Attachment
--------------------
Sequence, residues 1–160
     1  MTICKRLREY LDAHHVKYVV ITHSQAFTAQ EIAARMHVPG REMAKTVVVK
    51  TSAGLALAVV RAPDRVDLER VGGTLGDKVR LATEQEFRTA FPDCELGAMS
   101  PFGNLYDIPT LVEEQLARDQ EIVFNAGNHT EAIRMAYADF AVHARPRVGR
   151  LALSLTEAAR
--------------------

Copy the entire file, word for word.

Sequence, residues 1–160
     1  MTICKRLREY LDAHHVKYVV ITHSQAFTAQ EIAARMHVPG REMAKTVVVK
    51  TSAGLALAVV RAPDRVDLER VGGTLGDKVR LATEQEFRTA FPDCELGAMS
   101  PFGNLYDIPT LVEEQLARDQ EIVFNAGNHT EAIRMAYADF AVHARPRVGR
   151  LALSLTEAAR